It is important to have clear designations for land ownership. This allows the swift and precise rectification of issues concerning encroachment on the land.
However, land ownership is not always crystal clear in some cases. In such instances, quiet title auctions may be necessary.
Having peaceable possession, or documented possession of the land, is essential to the quiet title auction process. In order to qualify for peaceable possession, parties must meet a few set criteria:
- Paid taxes on the land for at least five years
- Have a deed showing ownership
- Have possession of the land
Those parties that can show these elements usually receive the peaceable possession designation. However, there are a few cases where this may not be so. If the land is unenclosed or is a wild wooded area or wasteland, parties are not able to claim peaceable possession. As long as none of those characteristics apply, the party with peaceable possession may request a quiet title auction.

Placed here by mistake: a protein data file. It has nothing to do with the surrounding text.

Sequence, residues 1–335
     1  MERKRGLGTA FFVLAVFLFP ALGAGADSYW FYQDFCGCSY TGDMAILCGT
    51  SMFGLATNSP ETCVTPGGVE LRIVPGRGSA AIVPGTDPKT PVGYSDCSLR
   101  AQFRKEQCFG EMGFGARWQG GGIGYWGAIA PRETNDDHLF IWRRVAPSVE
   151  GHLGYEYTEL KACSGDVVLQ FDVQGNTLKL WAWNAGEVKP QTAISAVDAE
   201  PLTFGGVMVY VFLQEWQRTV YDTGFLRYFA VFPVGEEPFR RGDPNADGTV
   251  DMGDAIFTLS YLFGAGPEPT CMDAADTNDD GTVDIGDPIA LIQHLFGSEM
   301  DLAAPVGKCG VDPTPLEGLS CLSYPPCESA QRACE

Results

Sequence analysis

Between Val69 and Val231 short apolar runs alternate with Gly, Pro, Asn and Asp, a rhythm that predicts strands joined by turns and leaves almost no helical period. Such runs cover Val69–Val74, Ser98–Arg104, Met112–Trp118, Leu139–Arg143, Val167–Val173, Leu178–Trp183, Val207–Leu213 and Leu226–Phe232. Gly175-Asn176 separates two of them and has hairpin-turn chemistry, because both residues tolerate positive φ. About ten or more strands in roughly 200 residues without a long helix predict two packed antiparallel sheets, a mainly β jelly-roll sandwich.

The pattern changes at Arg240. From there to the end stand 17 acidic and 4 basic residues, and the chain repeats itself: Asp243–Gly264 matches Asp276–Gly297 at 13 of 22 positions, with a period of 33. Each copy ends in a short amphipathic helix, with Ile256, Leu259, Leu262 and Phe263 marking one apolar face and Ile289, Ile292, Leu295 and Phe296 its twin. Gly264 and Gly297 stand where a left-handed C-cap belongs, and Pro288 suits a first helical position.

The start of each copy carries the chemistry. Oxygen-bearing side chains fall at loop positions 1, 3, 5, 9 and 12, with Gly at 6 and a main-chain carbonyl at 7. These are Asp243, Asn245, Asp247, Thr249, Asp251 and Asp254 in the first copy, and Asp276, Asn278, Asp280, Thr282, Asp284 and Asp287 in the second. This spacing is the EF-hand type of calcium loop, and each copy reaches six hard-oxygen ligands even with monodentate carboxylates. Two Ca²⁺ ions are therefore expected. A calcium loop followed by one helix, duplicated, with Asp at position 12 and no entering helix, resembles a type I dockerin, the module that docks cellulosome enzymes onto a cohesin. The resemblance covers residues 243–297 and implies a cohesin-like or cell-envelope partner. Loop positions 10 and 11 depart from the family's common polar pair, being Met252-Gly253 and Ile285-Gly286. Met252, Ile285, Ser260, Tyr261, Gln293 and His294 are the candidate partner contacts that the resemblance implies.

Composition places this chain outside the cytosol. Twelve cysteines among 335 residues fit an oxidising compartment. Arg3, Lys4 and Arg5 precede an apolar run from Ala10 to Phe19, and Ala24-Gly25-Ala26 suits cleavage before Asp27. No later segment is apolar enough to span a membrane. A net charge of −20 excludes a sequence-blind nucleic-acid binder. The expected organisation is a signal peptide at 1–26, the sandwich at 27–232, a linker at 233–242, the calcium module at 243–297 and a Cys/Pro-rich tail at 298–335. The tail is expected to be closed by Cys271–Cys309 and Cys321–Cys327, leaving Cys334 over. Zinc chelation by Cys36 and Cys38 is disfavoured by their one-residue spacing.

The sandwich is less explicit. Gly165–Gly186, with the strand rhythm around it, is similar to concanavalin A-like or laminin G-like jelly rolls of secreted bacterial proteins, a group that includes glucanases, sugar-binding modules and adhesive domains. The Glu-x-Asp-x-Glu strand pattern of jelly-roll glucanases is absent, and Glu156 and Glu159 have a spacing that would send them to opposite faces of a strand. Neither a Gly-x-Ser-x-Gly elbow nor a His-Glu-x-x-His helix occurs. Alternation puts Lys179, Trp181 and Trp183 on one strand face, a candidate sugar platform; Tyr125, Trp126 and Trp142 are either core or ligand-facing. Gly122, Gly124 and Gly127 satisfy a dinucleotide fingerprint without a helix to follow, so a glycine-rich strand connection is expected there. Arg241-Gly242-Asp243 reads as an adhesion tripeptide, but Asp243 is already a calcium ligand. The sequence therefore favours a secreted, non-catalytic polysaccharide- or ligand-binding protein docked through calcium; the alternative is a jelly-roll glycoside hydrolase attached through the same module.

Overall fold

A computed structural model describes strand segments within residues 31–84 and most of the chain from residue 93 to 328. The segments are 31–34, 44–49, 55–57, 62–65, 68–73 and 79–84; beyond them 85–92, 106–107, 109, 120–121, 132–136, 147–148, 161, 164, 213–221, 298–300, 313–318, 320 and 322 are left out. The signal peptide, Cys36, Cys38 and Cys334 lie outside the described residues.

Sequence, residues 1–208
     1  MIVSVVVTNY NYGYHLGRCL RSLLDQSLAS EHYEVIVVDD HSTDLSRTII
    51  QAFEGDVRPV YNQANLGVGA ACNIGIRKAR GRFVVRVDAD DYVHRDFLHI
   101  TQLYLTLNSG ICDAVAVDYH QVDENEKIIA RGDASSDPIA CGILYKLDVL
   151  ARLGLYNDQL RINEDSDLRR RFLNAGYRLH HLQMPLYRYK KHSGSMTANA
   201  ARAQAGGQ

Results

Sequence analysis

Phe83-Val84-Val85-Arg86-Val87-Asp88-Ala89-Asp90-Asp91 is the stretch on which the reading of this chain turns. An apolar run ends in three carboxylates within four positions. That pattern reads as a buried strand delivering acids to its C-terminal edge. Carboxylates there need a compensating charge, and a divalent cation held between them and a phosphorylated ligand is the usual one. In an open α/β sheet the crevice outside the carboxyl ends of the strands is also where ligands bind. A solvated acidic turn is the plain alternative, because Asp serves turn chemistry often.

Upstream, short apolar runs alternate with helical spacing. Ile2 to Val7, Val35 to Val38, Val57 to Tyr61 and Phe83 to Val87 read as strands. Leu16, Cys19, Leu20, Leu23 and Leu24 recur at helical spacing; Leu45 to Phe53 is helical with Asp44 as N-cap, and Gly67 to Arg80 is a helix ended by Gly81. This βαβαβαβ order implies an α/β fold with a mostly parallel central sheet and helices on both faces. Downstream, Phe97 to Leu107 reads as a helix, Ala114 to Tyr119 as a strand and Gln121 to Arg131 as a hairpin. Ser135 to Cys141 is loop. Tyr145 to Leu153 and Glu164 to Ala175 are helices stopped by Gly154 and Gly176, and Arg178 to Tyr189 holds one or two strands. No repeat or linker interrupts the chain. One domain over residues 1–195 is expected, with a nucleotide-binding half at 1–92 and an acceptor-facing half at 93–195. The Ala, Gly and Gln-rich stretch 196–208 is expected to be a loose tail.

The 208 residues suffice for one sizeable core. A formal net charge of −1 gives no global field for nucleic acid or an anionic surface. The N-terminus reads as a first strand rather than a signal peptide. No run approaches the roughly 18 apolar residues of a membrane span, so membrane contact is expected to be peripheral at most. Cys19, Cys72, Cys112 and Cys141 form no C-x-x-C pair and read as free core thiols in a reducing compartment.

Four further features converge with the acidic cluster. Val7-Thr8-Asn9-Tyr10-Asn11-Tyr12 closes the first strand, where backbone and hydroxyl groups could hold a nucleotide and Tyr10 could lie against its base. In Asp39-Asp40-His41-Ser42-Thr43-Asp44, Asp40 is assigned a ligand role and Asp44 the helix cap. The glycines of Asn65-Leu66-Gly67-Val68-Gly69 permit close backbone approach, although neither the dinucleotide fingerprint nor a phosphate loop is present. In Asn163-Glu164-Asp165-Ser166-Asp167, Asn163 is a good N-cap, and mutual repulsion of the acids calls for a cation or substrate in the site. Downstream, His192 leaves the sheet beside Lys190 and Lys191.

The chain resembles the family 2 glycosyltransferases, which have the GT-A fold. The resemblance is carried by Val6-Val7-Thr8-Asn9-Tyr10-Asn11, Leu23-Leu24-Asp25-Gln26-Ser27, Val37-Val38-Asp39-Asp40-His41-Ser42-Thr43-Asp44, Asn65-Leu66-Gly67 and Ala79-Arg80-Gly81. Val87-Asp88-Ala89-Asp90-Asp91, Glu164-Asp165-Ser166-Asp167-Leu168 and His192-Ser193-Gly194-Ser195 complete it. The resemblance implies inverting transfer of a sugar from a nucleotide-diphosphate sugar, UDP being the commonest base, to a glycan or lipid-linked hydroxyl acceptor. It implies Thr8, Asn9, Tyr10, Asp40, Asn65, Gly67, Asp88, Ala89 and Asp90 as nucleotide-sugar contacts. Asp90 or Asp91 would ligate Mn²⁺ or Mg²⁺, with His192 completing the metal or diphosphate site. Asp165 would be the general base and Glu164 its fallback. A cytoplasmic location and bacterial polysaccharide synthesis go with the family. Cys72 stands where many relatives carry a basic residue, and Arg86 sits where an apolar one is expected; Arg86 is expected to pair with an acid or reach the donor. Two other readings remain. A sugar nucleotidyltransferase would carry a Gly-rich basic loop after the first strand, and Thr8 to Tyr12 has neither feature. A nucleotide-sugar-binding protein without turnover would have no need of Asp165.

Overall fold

In accordance with the quiet auction laws, as part of the filing process, parties must show their peaceable possession. If no one contests the possession request, the court validates the peaceable possession and grants the land ownership to the party. On the other hand, if any parties object, they may present their claim. The court will evaluate both claims and then make a determination. Once the court makes a final decision, it becomes binding, and parties cannot make any additional claims.
The will can be very beneficial to the auction process. In many cases, these situations arise from land being passed down through generations without clear designation of the boundaries of the land. Also, there are some instances where the boundaries no longer stand or nature disrupts them. In any case, the will can serve as a starting point for determining the reasonable parameters of the estate.
By understanding these key aspects of quite title auctions, parties may decide the best course of action in their situation. For further detail, it may be helpful to review the law in full.